S.B. 1152 (Hancock) – Right-of-Way Franchise Fees: would provide that: (1) “affiliated group” means a group of one or more entities in which a controlling interest is owned by a common owner or owners, either corporate or noncorporate, or by one or more of the member entities; (2) provide that a certificated telecommunications provider is not required to pay any right-of-way access line fee compensation for a given year if the provider determines that the sum of the access line compensation due from the provider and any member of the provider’s affiliated group to all cities in this state is less than the sum of the fees due from the provider and any member of the provider’s affiliated group to all cities in this state under the state cable franchise law; (3) the determination under (2) for a given year must be based on amounts actually paid, or amounts that would have been paid, during the immediately preceding calendar year by the provider and any member of the provider’s affiliated group; (4) the holder of a state-issued certificate of franchise authority to provide video service is not subject to the right-of-way rental fee for a given year if the holder determines that the sum of fees due from the holder and any member of the holder’s affiliated group to all cities in this state is less than the sum of the compensation due from the holder and any member of the holder’s affiliated group to all cities in this state under the telecommunications access line fee law; (5) the determination under (4) for a given year must be based on amounts actually paid, or amounts that would have been paid, during the immediately preceding calendar year by the provider and any member of the provider’s affiliated group. (Note: this bill would essentially allow a company to elect to pay either access line fees or state cable franchise fees.)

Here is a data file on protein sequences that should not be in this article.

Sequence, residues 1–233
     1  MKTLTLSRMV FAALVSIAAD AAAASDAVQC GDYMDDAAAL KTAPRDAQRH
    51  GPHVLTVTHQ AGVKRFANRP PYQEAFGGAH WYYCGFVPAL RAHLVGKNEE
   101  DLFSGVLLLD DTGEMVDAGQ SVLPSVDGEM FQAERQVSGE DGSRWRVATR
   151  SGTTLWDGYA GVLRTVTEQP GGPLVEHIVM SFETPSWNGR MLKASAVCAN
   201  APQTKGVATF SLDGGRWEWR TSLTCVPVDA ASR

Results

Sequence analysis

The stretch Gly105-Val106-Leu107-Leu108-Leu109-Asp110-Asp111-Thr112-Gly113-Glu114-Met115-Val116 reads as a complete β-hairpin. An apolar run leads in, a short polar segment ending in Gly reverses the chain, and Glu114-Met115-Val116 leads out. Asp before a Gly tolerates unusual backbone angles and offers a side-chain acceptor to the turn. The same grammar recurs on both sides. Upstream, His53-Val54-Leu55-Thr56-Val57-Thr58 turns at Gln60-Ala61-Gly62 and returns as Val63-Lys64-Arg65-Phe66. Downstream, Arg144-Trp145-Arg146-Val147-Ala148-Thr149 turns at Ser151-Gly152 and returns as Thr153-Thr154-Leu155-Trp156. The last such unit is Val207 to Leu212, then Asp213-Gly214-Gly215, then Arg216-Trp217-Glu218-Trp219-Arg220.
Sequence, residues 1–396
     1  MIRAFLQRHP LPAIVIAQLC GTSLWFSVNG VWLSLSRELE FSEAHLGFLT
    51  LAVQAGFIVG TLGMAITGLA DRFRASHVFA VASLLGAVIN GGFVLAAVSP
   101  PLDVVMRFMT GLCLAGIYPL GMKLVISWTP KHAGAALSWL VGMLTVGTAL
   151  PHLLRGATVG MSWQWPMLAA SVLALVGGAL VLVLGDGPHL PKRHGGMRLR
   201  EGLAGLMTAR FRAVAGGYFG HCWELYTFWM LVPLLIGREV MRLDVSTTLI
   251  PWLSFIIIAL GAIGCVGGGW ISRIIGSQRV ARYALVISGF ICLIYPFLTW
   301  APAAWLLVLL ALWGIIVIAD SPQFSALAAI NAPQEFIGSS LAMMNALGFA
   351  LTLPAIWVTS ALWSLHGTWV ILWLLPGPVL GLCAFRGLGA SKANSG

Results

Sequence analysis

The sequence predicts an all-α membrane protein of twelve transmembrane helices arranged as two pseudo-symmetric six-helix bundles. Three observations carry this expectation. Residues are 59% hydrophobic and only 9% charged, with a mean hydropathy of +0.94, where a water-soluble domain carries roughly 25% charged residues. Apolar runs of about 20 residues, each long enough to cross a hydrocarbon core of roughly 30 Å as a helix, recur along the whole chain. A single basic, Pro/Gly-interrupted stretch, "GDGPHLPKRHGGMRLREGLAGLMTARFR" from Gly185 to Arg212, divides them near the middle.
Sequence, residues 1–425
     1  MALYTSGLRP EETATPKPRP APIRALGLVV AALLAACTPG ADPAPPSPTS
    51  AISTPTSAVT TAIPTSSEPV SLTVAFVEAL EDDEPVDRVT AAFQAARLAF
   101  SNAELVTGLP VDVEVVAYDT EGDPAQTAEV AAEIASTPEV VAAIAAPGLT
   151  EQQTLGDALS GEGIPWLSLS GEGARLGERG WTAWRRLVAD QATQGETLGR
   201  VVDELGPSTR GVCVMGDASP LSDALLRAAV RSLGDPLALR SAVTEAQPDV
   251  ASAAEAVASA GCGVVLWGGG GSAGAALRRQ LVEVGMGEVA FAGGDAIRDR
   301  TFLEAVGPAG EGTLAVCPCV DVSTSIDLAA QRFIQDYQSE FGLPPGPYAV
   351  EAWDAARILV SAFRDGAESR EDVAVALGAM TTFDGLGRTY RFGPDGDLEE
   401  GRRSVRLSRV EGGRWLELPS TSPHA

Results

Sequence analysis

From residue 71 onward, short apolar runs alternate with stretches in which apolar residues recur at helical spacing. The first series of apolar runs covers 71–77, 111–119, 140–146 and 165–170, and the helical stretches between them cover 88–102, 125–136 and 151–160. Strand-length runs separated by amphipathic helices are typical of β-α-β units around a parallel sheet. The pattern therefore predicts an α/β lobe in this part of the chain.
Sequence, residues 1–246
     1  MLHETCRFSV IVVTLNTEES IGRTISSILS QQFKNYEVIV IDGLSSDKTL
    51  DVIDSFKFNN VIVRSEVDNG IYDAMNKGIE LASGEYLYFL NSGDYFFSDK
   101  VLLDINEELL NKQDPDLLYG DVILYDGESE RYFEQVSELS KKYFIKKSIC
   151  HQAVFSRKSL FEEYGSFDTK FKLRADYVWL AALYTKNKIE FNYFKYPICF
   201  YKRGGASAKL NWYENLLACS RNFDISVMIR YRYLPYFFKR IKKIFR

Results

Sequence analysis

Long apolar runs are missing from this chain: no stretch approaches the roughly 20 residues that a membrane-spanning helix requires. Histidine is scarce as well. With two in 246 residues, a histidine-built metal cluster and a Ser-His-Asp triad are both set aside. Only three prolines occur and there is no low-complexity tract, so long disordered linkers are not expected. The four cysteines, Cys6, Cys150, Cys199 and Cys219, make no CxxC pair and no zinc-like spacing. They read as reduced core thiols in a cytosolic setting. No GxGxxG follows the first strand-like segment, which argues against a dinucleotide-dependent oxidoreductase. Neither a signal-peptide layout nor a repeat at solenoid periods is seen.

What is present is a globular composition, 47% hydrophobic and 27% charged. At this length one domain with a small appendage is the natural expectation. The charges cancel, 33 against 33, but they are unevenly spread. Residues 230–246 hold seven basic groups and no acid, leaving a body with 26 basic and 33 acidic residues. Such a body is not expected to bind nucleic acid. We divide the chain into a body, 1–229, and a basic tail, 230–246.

TML member cities may use the material herein for any purpose. No other person or entity may reproduce, duplicate, or distribute any part of this document without the written authorization of the Texas Municipal League.